By Emily Unglesbee
DTN Staff Reporter
ROCKVILLE, Md. (DTN) -- This bi-monthly column condenses the latest news in the field of crop technology, research and products.
A group of Canadian scientists made an important accidental discovery while tinkering with the starch composition of plants. A team of University of Guelph researchers inserted a corn enzyme into Arabidopsis, a small flowering plant often used in laboratory work. As part of their study on the enzyme's effect on starch, the researchers snapped pictures of the plants. When examining the photos later, they were startled to discover that the altered plants were twice as big as their wild counterparts. Further investigation showed that the corn enzyme had caused the plants to produce 400% more seeds, without altering the seed composition.
The larger plants could be a boon in other crops, such as canola and soybeans, since they capture more light and produce more yield without requiring more land, the researchers noted in a university press release. "Farmers and consumers would benefit significantly in terms of food production, green energy and the environment," Michael Emes, a University of Guelph biologist and study co-author, said in the release. "The ramifications are enormous." The researchers plan to test the effects of the corn enzyme in canola next.
FENCING BUGS OUT
Imagine guarding your crops with a virtual fence that senses the presence of a target insect and zaps it with a laser. Too sci-fi to believe? Global Good, a collaboration between Bill Gates and a global research consortium called Intellectual Ventures, is trying to make such a system a reality. The group is developing a "Photonic Fence" system, where software detect insects as they cross a plane and measures its size and wing beat frequency. These measurements allow the software to quickly identify not only different insects, but also gender, according to the Intellectual Ventures website. Once an insect is identified as a pest, the software "runs a safety check to ensure no innocent bystanders are in view, and then activates a laser to zap" the target.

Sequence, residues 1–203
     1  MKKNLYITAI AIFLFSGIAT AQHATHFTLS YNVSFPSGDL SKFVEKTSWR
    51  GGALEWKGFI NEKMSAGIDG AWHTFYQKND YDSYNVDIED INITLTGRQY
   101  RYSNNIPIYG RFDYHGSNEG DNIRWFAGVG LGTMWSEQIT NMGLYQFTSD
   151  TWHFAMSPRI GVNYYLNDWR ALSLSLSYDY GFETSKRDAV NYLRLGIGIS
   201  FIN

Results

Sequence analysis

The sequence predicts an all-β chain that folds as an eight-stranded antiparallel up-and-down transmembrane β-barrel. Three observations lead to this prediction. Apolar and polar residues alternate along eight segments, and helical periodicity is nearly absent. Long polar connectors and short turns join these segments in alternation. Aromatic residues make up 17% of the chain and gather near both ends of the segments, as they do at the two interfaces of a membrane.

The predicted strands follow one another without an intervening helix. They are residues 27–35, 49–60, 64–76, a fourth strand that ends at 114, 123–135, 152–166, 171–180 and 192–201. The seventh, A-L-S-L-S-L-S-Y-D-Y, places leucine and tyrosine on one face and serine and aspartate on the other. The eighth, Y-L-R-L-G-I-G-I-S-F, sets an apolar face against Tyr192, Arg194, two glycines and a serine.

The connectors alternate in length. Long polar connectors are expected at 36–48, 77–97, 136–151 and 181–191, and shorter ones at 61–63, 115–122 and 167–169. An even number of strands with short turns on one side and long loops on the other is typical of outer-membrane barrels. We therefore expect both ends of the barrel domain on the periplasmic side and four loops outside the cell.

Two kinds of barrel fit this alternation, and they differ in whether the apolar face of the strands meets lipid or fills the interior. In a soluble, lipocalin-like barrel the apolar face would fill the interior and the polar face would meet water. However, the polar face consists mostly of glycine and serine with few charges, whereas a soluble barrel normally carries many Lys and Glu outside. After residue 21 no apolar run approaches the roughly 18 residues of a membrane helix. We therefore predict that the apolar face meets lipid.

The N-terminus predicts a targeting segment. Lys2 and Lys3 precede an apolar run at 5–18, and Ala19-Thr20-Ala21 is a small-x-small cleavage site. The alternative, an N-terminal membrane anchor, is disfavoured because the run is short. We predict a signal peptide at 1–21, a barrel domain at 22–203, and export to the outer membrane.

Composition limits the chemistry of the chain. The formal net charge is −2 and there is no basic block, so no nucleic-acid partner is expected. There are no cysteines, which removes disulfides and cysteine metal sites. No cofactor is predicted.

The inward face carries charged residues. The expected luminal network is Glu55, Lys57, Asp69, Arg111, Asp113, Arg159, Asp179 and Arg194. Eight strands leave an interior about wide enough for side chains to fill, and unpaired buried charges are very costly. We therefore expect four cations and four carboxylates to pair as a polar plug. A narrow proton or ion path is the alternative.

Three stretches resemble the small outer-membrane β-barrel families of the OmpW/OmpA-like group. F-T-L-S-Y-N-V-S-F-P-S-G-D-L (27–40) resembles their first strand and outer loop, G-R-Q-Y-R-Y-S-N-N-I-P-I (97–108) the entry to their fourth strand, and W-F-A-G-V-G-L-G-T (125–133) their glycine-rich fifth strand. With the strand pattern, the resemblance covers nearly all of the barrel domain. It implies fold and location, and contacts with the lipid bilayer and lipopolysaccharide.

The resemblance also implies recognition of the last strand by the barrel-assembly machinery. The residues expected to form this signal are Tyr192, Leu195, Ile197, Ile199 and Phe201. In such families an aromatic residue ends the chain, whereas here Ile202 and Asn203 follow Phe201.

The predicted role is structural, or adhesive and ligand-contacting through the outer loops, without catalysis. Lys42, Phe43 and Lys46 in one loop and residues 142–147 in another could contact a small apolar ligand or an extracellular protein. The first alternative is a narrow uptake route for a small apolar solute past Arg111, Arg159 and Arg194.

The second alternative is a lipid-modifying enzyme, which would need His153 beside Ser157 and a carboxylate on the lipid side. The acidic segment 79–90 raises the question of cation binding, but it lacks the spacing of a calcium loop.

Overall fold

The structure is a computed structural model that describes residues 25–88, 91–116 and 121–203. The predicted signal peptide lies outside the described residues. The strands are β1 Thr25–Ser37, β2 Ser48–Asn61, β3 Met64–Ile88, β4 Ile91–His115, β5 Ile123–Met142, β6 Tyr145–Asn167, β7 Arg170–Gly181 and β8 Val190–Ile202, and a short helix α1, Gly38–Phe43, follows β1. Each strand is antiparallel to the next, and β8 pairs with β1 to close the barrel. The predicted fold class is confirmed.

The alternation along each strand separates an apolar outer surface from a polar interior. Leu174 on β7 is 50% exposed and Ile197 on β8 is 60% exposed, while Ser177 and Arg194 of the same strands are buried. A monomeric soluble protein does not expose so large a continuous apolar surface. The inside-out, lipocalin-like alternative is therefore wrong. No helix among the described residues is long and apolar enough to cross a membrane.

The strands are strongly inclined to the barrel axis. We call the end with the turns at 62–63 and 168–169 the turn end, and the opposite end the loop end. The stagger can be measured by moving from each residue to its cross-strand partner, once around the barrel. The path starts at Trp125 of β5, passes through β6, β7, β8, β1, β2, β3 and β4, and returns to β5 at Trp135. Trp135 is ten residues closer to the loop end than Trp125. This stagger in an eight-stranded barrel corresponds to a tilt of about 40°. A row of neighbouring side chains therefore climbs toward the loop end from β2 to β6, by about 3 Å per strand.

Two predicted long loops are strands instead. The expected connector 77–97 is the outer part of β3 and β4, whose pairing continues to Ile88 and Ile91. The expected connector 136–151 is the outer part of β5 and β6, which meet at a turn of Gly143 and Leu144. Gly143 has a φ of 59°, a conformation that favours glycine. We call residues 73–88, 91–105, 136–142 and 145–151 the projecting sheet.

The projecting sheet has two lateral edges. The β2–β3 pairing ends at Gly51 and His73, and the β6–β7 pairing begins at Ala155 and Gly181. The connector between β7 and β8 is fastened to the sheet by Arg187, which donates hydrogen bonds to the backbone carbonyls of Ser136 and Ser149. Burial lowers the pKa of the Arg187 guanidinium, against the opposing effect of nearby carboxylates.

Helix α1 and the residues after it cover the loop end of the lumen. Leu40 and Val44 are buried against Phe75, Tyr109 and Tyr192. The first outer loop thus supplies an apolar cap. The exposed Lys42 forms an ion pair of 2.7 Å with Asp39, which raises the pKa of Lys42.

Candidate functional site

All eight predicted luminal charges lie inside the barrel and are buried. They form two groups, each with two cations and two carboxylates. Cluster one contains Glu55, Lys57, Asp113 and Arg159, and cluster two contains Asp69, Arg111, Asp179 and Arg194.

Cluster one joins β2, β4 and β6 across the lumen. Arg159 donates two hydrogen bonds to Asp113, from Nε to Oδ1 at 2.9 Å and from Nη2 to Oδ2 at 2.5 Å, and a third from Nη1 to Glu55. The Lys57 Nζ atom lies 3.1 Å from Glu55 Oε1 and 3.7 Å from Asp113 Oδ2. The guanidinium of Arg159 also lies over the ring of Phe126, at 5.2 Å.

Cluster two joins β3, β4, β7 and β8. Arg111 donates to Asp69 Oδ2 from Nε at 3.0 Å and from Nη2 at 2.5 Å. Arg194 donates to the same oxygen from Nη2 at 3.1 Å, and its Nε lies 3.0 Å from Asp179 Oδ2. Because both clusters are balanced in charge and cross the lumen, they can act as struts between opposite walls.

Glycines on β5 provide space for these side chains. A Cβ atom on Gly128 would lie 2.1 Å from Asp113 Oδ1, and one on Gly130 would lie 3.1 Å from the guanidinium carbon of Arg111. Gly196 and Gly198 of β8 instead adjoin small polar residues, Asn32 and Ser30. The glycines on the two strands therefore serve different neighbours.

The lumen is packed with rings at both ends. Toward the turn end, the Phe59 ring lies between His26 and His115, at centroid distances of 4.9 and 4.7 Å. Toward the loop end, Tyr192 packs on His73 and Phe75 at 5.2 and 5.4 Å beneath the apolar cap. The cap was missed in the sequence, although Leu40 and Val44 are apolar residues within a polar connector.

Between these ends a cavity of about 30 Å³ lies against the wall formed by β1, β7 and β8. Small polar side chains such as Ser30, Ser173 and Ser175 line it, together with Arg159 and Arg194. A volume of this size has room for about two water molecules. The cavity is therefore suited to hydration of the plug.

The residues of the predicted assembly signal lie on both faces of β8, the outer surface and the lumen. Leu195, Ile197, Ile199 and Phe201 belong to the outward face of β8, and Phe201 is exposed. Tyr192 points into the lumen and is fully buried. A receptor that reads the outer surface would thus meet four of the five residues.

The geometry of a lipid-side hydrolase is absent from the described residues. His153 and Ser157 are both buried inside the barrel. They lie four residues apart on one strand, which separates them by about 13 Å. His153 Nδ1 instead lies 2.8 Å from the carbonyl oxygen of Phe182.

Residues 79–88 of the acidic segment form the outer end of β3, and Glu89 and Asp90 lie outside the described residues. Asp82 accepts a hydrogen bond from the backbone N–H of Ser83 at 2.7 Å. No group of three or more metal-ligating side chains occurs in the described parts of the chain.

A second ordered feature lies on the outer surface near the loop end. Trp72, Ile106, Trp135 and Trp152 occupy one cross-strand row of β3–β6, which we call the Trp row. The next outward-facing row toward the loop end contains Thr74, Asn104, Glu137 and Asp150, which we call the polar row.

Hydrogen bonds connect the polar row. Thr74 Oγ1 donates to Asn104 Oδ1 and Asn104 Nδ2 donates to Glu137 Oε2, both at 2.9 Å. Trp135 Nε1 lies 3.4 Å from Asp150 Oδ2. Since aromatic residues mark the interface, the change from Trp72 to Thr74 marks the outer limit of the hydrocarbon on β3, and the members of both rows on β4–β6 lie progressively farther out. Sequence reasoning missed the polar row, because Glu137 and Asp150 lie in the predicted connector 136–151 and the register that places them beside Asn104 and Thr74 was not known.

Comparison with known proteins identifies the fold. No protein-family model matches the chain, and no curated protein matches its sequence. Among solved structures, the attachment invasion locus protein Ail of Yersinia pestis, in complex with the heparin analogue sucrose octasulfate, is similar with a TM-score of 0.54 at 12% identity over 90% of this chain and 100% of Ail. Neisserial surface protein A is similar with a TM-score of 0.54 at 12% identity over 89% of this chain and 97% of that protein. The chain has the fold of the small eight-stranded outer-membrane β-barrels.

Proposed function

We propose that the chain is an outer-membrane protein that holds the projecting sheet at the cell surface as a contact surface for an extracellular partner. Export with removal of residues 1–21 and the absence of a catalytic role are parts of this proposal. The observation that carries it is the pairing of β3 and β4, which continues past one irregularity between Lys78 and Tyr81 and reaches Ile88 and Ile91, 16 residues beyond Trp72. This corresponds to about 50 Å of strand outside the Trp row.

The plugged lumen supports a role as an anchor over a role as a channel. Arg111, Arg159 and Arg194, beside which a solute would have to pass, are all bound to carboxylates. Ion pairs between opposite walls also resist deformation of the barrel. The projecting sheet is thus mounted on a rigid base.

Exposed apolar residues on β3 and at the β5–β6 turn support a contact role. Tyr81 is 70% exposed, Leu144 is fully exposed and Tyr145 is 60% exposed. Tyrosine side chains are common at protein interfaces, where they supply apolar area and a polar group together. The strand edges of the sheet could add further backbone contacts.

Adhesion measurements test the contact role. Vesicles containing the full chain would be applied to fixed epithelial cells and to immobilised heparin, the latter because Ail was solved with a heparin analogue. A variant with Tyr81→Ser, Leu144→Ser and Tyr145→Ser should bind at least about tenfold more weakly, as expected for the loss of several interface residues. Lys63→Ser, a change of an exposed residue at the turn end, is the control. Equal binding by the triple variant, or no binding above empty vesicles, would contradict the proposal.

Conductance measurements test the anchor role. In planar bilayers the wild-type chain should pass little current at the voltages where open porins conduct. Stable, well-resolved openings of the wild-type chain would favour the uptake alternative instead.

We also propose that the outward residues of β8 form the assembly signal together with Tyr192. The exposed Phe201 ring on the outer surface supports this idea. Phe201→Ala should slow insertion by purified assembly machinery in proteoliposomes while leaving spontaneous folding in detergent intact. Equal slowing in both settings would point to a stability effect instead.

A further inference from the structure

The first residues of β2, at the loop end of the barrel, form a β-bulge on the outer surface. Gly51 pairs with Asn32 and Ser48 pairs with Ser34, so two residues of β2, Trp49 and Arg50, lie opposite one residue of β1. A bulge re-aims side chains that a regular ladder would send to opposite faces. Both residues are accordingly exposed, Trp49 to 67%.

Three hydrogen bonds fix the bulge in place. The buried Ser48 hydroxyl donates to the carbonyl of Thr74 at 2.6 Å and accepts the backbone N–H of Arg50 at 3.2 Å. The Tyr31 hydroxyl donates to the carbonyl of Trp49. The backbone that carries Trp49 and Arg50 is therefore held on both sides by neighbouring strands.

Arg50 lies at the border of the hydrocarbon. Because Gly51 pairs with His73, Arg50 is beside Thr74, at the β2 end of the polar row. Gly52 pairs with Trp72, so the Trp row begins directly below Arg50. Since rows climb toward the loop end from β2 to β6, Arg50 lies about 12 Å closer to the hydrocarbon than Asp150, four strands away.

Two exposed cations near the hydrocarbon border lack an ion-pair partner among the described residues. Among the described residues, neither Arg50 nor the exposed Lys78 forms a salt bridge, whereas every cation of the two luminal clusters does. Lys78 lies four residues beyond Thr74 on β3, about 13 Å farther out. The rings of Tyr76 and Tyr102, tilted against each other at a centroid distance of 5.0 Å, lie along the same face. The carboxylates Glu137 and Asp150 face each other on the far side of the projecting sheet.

The Photonic Fence is aimed at controlling threats such as mosquitoes and agricultural pests, and is undergoing field testing later this year, PR representative Missy White told DTN in an email. However, Global Good hopes the fence could be more than just a sophisticated bug sniper, she added. "The system is not only an environmentally-responsible alternative to chemical pesticides, it's a valuable source of big data on bugs," White wrote. "Photonic fence can also be used to monitor insect populations to evaluate the effectiveness of repellants or as a research tool to understand insect behavior."
Don't confuse us with the facts. That's the takeaway of a University of Florida study on how consumers form opinions on food. The online survey was designed by Brandon McFadden, a UF professor of food and economic resources. More than 1,000 people responded to the survey, which asked questions that revealed both the respondent's opinions on genetically modified food (GM) and their actual understanding of the science behind it.
The results painted a discouraging picture of consumers' knowledge of how ingredients are produced, according to a UF press release. For example, 80% of the respondents supported mandatory labeling of food containing DNA. Respondents' opinions were also unstable; after answering questions about the safety of GMOs, some appeared to alter their positions when asked corresponding questions about scientific data on GMOs, McFadden noted in the release. In other words, when asked about scientific facts, consumers began to doubt their own opinions.
"The findings question the usefulness of results from opinion polls as a motivation for creating public policy surrounding GM food," McFadden concluded in the study abstract.
Emily Unglesbee can be reached at email@example.com
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